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In the Johannine Comma, i.e: 1John 5:7, the Greek texts which contain the trinity mention εν which means in, look:

1550 Stephanus New Testament:

7 οτι τρεις εισιν οι μαρτυρουντες εν τω ουρανω ο πατηρ ο λογος και το αγιον πνευμα και ουτοι οι τρεις εν εισιν

Almost, all translations say:

These Three are One

While the literal translation is:

These Three in are. "these three in are", is possible translation hermeneutically. Supposing presence of a guessed word, possibly: the One, i.e: the three in the One are. as I looked an Arabic translation stating this: "**الثلاثة هم **في الواحد" which means: "these Three are in One".

Are there English translations which mention:

In One or in the One?

3 Answers 3

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εν, which means in

It does. It also means one. The Greek text reads:

οι τρεις εν εισιν

If we are to translate εν as in, then it would render as:

the three in are

which makes little sense, contextually, in both Greek and English; however, it is theoretically possible to do so.

If we are to translate εν as one, then it would render as:

the three one are

which is not merely possible, but also makes sense.

What is however impossible is to render it as:

the three in one are

inasmuch as, for that to happen, the text would have to be amended to read:

οι τρεις εν εν εισιν

which simply isn't the case, in any known manuscript or patristic reference.

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  • what's translation of εισιν?. I looked Arabic translation stating this: "الثلاثة هم في الواحد" which means: "these Three are in One".
    – salah
    Dec 15, 2021 at 5:26
  • "the three in are", is possible translation hermeneutically. Supposing presence of a guessed word, possibly: the One, i.e: the three in the One are.
    – salah
    Dec 15, 2021 at 6:09
  • @salah: εἰσίν is a form of the verb to be; not to be confused with εἰς, meaning in.
    – Lucian
    Dec 15, 2021 at 7:26
  • thanks a lot, Lucian.
    – salah
    Dec 15, 2021 at 8:00
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Expressed in Erasmus’ 1516 edition of [1 John 5] is a blatant addition to NT scripture, inserting three class properties by the editor to classify Elohim. - The 16th Century amendment of [1 John 5:7] was not originally written in the Ancient Greek Codex Sinaiticus of 330 CE : https://codexsinaiticus.org/en/manuscript.aspx?book=55&chapter=5&lid=en&side=r&verse=7&zoomSlider=0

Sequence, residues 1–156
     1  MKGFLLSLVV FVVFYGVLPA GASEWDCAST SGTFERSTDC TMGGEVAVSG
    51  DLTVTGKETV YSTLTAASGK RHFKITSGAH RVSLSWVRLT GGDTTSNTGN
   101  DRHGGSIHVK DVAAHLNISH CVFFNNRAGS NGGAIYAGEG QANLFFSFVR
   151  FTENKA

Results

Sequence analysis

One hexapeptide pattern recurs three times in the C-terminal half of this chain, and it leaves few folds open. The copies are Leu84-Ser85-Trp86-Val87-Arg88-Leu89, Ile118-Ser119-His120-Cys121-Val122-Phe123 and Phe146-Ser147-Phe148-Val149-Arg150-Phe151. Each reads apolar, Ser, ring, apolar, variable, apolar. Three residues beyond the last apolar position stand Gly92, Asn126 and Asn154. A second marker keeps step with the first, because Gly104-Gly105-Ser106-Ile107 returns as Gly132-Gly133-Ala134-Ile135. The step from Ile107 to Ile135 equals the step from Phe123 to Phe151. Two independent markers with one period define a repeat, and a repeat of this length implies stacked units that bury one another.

“For there are three that bear witness in heaven: the Father, the Word, and the Holy Spirit; and these three are one.” [NKJV]

“ὅτι τρεῖς εἰσιν οἱ μαρτυροῦντες εν τῷ οὐρανῷ, ὁ πατήρ, ὁ λόγος, καὶ τὸ Ἅγιον Πνεῦμα· καὶ οὗτοι οἱ τρεῖς ἕν εἰσιν” [Textus Receptus]

The 1599 Geneva Bible maintained the words as : “For there are three, which bear record in heaven, the Father, the Word, and the holy Ghost: and these three are one”. — See Footnote [R] 1 John 5:7 [Agree in one]. — https://www.biblegateway.com/passage/?search=1%20John%205&version=GNV

  • This new edition of [1 John 5:7] generates a definitive set of three class properties which “are one” (eisi heis) entity.
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To add on to Lucian's answer, there are two unrelated Greek words at play here: ἕν hén "one", and ἐν en "in". Most manuscripts don't indicate this distinction, but the words behave very differently in the grammar.

Syntactically, ἐν needs to be followed by a nominal of some sort, not a verb: "the three in are" is just as weird in Greek as it is in English. So this must be ἕν, which can come before a verb just fine.

P.S. You'll also see these words cited as én and en, because the h sound was lost by Koine times at the latest. But many modern editions include the breathing marks because scholars still used them even if they weren't pronounced. Either way, the accent difference persisted all the way to Modern Greek; these words were always pronounced differently, even if scribes didn't always write the difference.

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